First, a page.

Dear Harbor Families,
Recently, listening to the news has been an interesting experience, as public schools are beginning to re-open. The safety protocols we have been living and breathing since the fall have recently become a hot topic in the news. It’s actually kind of surreal.
Last spring and summer, our Health and Safety Committee spent hours upon hours researching guidance to develop our Health and Safety Plan. Guidance back then was still emerging, and at times guidelines were conflicting since there was so much we were still learning about the virus. Looking back, it was like we were grasping for a flashlight in the midst of so much darkness, and so many unknowns.
As you know, but I think it is worth celebrating, we opened for in-person learning five days a week from the first day of school. Our teachers spent the days leading up to that day working out the details that make our safety protocols so strong - more conservative than the strict guidance, but doable. We managed cohort transitions between distance and in-person learning - beginning on day 2 (remember that, cohort KA?). We figured out what to do with a runny nose. We discussed situations as they arose and established our limits to levels of exposure (while the CDC defines exposure as a one step, we stop at “contacts of contacts” - and not “contacts of contacts of contacts”!). Teachers developed careful routines with their students for a new type of classroom, building in handwashing breaks, reinforcing how to wear and handle a mask, and even wiping down toilets after every use. And some days, our administrative team spent morning to night managing health and safety issues, as we worked through the emotional experience in the early days of intense decision-making and communication. It was, and still is, exhausting. But wow, was it worth it.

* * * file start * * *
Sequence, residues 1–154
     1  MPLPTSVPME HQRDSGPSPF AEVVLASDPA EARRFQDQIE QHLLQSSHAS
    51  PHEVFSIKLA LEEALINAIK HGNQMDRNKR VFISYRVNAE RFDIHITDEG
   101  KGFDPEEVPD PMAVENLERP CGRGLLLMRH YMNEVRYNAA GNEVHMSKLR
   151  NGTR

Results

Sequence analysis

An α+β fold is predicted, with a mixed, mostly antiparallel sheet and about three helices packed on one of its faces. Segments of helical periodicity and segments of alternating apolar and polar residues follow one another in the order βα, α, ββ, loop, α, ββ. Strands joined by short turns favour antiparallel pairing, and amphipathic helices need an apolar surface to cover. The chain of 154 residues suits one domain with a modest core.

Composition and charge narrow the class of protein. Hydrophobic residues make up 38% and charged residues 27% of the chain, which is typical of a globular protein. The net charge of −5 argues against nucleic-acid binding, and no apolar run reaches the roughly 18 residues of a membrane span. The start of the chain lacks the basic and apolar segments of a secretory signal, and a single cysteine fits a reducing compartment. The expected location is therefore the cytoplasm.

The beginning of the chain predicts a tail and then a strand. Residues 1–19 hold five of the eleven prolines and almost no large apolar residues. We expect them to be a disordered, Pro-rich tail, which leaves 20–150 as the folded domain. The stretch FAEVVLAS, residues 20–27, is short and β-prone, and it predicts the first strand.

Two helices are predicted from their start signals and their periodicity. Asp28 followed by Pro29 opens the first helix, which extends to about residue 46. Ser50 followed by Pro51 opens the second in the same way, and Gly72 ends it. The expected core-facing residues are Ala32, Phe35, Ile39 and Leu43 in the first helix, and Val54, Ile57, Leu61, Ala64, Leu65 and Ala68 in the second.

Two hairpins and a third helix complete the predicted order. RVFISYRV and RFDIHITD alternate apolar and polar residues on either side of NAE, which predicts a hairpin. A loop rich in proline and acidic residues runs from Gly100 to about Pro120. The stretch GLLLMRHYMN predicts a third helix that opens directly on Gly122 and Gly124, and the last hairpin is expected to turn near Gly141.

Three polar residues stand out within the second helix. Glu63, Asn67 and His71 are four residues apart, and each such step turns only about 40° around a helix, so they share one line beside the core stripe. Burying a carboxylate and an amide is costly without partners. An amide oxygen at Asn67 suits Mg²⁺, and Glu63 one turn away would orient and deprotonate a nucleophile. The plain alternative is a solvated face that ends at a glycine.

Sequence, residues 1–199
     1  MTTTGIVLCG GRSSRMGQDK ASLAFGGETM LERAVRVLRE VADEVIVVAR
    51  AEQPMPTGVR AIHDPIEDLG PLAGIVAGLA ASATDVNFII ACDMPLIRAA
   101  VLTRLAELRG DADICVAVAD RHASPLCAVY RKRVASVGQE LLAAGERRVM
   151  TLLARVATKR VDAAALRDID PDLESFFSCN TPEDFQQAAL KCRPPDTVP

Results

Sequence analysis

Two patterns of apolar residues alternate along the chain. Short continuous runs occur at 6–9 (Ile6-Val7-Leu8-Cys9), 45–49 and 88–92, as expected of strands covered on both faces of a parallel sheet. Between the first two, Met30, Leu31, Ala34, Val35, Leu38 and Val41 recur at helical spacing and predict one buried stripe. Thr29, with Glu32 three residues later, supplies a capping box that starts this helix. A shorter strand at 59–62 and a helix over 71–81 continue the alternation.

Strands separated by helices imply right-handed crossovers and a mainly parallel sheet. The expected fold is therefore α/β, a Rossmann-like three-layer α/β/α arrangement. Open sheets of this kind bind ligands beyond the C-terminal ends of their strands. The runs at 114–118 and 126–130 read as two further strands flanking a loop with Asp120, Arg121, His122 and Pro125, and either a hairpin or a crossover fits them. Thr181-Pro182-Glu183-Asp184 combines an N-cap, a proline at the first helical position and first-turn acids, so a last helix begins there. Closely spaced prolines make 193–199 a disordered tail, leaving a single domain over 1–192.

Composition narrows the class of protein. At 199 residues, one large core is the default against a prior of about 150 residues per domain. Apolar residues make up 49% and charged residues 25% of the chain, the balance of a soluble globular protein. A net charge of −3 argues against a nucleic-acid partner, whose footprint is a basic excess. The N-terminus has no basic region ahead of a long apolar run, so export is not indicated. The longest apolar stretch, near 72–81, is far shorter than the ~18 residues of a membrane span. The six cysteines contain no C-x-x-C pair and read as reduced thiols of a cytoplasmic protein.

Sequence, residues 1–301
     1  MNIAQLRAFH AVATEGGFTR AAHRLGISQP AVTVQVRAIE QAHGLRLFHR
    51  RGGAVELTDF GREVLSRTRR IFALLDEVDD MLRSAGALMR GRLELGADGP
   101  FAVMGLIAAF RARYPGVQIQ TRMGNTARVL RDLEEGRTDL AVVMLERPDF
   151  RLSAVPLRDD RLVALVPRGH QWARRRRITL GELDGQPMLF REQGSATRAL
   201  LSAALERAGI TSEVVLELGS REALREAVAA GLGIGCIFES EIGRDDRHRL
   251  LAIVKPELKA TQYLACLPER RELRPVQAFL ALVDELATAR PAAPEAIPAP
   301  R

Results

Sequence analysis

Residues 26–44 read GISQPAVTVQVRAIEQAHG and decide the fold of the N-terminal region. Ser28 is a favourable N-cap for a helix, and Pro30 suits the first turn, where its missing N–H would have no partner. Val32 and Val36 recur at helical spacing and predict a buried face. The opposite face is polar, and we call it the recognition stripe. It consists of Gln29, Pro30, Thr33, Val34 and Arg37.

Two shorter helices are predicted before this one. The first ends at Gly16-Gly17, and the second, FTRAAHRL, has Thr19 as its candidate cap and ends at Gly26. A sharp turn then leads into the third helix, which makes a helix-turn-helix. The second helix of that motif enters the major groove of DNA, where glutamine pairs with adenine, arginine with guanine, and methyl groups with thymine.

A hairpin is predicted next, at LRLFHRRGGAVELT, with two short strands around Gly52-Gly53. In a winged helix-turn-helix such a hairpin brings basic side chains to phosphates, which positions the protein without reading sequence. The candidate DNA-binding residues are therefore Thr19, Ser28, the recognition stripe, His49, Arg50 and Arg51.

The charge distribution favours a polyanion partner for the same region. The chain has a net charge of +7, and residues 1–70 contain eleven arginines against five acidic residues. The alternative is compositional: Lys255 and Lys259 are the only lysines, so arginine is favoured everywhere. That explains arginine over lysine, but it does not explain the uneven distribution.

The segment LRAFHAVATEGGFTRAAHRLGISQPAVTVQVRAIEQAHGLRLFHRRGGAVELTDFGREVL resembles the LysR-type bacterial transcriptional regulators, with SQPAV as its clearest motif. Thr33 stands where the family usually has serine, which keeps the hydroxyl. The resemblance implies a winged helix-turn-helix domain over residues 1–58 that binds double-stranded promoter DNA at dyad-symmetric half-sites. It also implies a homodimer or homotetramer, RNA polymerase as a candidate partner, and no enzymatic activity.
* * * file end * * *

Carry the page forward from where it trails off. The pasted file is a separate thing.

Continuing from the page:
In early November, we all waited with bated breath to learn that our first positive case, in fact, did not transmit (neither have the other two separate cases we have had in classrooms). We made the difficult decision to move to distance learning between Thanksgiving and early January. Upon our return, we engaged in a pooled testing pilot before many people knew what that was, and transitioned to a new system once the pilot ended. Remember learning about Gingko Bioworks at a parent session in early January? Our participation helped develop a system that will be used in Montgomery County Public Schools - check it out!
I remember calling my contact at the Montgomery County Health Department early in the school year almost daily to ask nuanced questions about implementation of CDC protocols as applied in schools. Several times, she would bring up our question in meetings with the Maryland State Health Department, which in turn, informed the guidance that schools across the state are using to re-open now. We were helping to create the map that schools across the state are now using.
This might be strange to say, but as a faculty and staff, it’s really been an honor as a small school to be a leader in making in-person learning successful and safe in a global pandemic, something none of us ever thought we’d be adding to our resumes!
And as the spring approaches and warmer days are finally upon us, we know that in no way are we out of the woods, but at least we have a map and a flashlight!
Head of School